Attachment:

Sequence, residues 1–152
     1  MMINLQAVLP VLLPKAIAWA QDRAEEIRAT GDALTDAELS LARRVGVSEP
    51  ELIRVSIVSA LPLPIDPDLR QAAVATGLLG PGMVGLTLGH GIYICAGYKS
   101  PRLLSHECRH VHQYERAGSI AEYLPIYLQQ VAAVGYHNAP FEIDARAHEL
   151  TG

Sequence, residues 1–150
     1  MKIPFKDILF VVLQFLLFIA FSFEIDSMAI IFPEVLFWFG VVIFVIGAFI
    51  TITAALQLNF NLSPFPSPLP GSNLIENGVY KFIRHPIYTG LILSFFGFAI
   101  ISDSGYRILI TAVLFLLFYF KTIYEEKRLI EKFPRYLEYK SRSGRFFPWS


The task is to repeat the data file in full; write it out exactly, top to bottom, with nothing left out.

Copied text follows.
Sequence, residues 1–152
     1  MMINLQAVLP VLLPKAIAWA QDRAEEIRAT GDALTDAELS LARRVGVSEP
    51  ELIRVSIVSA LPLPIDPDLR QAAVATGLLG PGMVGLTLGH GIYICAGYKS
   101  PRLLSHECRH VHQYERAGSI AEYLPIYLQQ VAAVGYHNAP FEIDARAHEL
   151  TG

Sequence, residues 1–150
     1  MKIPFKDILF VVLQFLLFIA FSFEIDSMAI IFPEVLFWFG VVIFVIGAFI
    51  TITAALQLNF NLSPFPSPLP GSNLIENGVY KFIRHPIYTG LILSFFGFAI
   101  ISDSGYRILI TAVLFLLFYF KTIYEEKRLI EKFPRYLEYK SRSGRFFPWS